Amyotrophic lateral sclerosis (ALS), also known as motor neurone disease (MND), and Lou Gehrig’s disease, can now be counted in the range of illnesses where stem cells have a potential therapeutic use, according to a recent video report on CBS Minnesota.
The article features 41 year-old David Neufeglise, an engineer who started noticing an increasing amount of involuntary twitching in his arm. After getting tests, the diagnosis came back as ALS – a devastating piece of news for anyone to receive. However, David has been given some hope by volunteering for a pioneering piece of research which uses stem cells to fight the progression of ALS.
A clinical trial led by Massachusetts General Hospital, Boston, is testing about 200 people with a radical new treatment using the patients’ own stem cells to slow the onset of ALS. The extracted stem cells are treated and re-injected back into the patients, with the hope that the stem cells can decrease brain inflammation which causes the worsening of ALS, effectively acting as anti-inflammatory.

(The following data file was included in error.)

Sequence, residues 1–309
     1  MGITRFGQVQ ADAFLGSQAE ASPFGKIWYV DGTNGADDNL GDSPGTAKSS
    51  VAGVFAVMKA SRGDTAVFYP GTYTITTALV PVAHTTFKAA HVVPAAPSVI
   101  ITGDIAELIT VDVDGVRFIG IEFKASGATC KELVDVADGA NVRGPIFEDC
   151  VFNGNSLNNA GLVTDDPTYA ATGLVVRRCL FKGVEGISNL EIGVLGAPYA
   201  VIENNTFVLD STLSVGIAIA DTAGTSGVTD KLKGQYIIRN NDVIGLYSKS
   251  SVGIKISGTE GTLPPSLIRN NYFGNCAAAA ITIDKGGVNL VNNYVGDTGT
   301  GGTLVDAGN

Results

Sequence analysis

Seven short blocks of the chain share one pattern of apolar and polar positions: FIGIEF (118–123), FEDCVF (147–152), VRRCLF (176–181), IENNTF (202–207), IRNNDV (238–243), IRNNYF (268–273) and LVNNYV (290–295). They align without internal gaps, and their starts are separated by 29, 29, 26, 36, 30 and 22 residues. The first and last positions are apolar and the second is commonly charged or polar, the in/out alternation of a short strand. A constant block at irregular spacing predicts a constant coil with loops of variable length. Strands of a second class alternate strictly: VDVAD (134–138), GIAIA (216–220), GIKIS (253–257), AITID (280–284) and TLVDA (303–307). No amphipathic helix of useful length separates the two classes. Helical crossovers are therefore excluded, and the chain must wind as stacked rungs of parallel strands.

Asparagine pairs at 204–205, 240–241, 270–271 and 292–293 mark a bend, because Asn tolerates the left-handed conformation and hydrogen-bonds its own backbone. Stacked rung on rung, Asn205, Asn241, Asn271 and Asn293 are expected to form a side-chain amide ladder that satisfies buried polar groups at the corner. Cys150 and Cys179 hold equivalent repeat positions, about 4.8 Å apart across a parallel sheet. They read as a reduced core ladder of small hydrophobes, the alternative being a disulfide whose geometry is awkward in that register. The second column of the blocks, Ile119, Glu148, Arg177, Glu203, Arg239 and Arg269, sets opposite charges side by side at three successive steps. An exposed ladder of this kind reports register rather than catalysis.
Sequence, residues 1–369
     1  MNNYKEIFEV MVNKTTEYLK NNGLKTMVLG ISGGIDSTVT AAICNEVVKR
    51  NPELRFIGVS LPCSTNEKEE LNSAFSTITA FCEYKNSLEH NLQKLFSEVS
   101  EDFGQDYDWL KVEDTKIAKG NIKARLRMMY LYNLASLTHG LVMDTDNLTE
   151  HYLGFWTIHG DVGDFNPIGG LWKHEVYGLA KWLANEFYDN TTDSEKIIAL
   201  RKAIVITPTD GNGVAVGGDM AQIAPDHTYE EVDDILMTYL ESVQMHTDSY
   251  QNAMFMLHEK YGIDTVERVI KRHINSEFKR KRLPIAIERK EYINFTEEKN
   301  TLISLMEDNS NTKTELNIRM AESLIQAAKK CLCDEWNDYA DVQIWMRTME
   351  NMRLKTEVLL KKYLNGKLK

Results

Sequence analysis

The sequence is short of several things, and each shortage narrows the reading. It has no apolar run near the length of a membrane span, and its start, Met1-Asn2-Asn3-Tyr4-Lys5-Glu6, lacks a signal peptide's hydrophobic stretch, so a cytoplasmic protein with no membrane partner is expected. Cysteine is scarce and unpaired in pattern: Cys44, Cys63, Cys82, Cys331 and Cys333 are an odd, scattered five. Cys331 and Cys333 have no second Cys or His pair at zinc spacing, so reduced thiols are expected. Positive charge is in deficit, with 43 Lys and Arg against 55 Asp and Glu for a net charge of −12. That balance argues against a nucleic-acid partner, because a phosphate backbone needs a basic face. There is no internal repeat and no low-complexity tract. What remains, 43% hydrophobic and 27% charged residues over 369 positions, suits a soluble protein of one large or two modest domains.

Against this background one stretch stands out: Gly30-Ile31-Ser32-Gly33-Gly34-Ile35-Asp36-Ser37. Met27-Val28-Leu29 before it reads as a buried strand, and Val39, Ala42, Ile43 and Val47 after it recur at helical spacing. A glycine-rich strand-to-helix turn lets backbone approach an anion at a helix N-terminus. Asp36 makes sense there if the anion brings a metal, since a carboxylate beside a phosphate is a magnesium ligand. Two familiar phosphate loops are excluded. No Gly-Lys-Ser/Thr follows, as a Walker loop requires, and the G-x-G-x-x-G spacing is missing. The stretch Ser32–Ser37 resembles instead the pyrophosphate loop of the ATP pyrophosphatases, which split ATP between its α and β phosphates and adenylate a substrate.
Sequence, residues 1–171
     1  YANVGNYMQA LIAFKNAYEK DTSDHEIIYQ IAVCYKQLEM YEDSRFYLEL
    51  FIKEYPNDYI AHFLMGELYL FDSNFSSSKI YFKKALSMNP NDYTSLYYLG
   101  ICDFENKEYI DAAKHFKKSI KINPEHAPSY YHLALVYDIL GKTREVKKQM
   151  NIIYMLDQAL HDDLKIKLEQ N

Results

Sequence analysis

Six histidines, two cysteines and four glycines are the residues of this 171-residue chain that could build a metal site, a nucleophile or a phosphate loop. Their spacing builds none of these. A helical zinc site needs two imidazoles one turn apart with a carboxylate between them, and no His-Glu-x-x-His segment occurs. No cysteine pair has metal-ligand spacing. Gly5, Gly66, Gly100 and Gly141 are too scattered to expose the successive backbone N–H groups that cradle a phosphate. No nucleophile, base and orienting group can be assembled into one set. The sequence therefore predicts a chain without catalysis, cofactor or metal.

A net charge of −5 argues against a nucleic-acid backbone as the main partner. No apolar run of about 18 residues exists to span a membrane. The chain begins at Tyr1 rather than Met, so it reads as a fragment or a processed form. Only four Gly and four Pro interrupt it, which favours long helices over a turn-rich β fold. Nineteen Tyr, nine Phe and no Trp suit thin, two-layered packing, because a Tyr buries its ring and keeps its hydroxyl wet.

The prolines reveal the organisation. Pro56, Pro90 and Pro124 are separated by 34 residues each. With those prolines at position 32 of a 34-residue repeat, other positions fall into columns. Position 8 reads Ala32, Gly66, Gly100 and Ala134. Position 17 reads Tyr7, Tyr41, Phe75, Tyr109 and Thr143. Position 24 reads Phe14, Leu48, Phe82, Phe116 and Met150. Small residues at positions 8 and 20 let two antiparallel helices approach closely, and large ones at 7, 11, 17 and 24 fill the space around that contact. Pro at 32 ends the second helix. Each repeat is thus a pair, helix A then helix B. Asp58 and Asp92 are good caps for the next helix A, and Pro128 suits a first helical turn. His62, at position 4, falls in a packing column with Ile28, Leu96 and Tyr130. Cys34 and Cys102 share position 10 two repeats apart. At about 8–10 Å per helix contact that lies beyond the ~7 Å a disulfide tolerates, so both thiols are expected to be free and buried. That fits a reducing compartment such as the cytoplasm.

David gets injections every 8 weeks as part of the programme, and while the research is an it’s early stages he is optimistic that the stem cell treatment can provide some hope for patients of a disease that so far has no cure.
Scott Wolf, President and Director of Research for Grace Century commented “Whilst this potential treatment for ALS is great news and reinforces the potential of stem cells as a source of treatment for many different illnesses, our portfolio project Provia’s dental stem cell storage system Store-A-Tooth enables Mesenchymal Stem Cells (MSC), which have the greatest potential therapeutic use, to be harvested and stored until late into childhood.”